The carboxylation of glutamate (Glu) residues to gamma-carboxyglutamate (Gla) is an important posttranslational modification of proteins known as 'vitamin K-dependent proteins' (VKD). The modification allows for the reversible, calcium-dependent binding to negatively charged phospholipids (phosphatidylserine or phosphatidic acid) of membranes. This is particularly important for coagulation/clotting factors and natural anticoagulants, classic examples and better characterized systems of gamma-car
boxylated VKD proteins. Their localization at/near sites of vascular injury is crucial for proper hemostatic function. The hemostatic system, in response to vascular injury, triggers platelet aggregation and initiation of the coagulation cascade, primary and secondary hemostasis, respectively, to prevent bleeding. The coagulation cascade initiated via tissue factor - the extrinsic pathway, or contact - the intrinsic pathway, converges into a common pathway leading to formation of insoluble fibrin clots. A fibrinolytic cascade follows to lyse fibrin and protect against blood clotting. Several anticoagulant systems are in place to tightly regulate coagulation. Major blood coagulation proteases - F2, F7, F9 and F10, components of the protein C anticoagulant pathway - protein C (Proc) and protein S (Pros), and the protein Z (Proz) cofactor of Serpina10 (protein Z-dependent protease inhibitor, ZPI), are vitamin K-dependent proteins (VKD). In clotting factors, 10 to 12 Gla residues are located in a homologous amino-terminal region known as the Gla domain(click to access the PFAM entry). Gla domains are also found in several other proteins such as osteocalcin, matrix Gla, transmembrane Gla or proline-rich Gla proteins (MGP, TMGs, PRGPs). With each modified residue, a reduced form of vitamin K is oxidized and is then converted back, to provide the necessary cofactor for the next reaction - the metabolic pathway is known as the vitamin K cycle. Vitamin K and its cycle in the gamma-carboxylation reaction are described in more detail.
Vitamin K is a fat-soluble vitamin derived from diet that can also be synthesized by gut microflora. There are several forms of vitamin K, they contain a common ring structure - menadione (2-methyl-1,4-naphtoquinone) and a hydrophobic polyisoprenoid side chain that varies in length and degree of saturation. Vitamin K1, known as phylloquinone, is the biological important form. Its highest content is found in green leafy vegetables, followed by certain vegetable oils, then fruits, cereals, meats and dairy products. MK family or vitamin K2 family members are synthesized by certain bacteria, of which some are present in the human gut microflora. Long-chain MKs can be found in animal livers and foods that use a bacterial fermentation stage. Relatively little is known about vitamin K cellular uptake and metabolism. Plasma concentration is rather low, and it is rapidly catabolized in the liver and excreted, primarily in the bile and also urine, mostly in the form of glucuronides.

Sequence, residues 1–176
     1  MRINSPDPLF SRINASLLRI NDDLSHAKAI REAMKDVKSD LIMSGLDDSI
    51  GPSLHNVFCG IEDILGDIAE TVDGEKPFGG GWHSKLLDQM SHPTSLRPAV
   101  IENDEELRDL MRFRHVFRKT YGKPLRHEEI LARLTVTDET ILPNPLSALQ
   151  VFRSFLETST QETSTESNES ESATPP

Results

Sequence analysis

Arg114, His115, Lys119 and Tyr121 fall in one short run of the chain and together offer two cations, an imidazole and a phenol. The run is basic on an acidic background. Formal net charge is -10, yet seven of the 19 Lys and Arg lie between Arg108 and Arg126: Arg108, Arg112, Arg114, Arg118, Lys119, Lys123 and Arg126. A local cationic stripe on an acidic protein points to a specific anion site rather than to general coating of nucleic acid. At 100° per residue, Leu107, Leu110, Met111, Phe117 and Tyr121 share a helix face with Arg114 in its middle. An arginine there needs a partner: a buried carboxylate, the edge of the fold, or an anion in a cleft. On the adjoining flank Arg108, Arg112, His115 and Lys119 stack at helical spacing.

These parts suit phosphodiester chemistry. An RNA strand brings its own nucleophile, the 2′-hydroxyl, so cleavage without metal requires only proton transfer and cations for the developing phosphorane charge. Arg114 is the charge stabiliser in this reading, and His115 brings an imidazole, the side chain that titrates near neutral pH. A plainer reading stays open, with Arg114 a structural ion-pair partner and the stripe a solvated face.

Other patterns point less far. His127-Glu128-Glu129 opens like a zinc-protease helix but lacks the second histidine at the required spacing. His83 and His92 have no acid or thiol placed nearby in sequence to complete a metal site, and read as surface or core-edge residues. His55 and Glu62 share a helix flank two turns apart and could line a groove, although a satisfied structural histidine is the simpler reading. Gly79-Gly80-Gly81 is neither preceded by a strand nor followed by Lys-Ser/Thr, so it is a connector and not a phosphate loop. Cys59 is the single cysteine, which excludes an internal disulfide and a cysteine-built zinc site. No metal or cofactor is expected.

The vitamin K cycle is the metabolic pathway whereby the oxidized vitamin, resulting from the gamma-carboxylation of VKD proteins in the endoplasmic reticulum, is converted back to its reduced form. Gamma-glutamyl carboxylase (Ggcx) carries out the Glu to Gla reaction using a reduced form of K1 - K hydroquinone (KH2), carbon dioxide and oxygen, as cofactors. The reaction converts glutamate residues to gamma-carboxyglutamate and KH2 is oxidized to vitamin K 2,3-epoxide (KO). KO is converted back to KH2 in a two-step reduction: first to vitamin K (K quinone) and then to KH2. Vitamin K epoxide reductase (Vkorc1) carries out the first reduction, and is able to carry out the second. A putative reductase, specifically carrying out the second step, is still to be identified. Reduction is important not only for the regeneration of the necessary cofactor in the carboxylation reaction, but also for molecules entering the system from diet, where vitamin K is present in its oxidized form. Natural antagonists or drugs can interfere with the regeneration of vitamin K cofactor, mostly by targeting VKORC1. VKORC1 is the target of the widely-used oral anticoagulant, warfarin. The first reduction step in the cycle is warfarin-sensitive, the second is not and the search for the reductase referred to as the 'warfarin-resistant antidotal enzyme' is still on. More than 30 mutations in GGCX have been found in patients with vitamin K-related disorders. In addition to the bleeding phenotype associated with impaired coagulation, non-bleeding phenotypes are also documented. Mutations in VKORC1 lead to warfarin resistance. In addition to warfarin, which affects coagulation by targeting the vitamin K cycle, newer drugs are being developed that directly target the coagulation factors. To see the ontology report for GViewer, annotations, and download, click here...(less)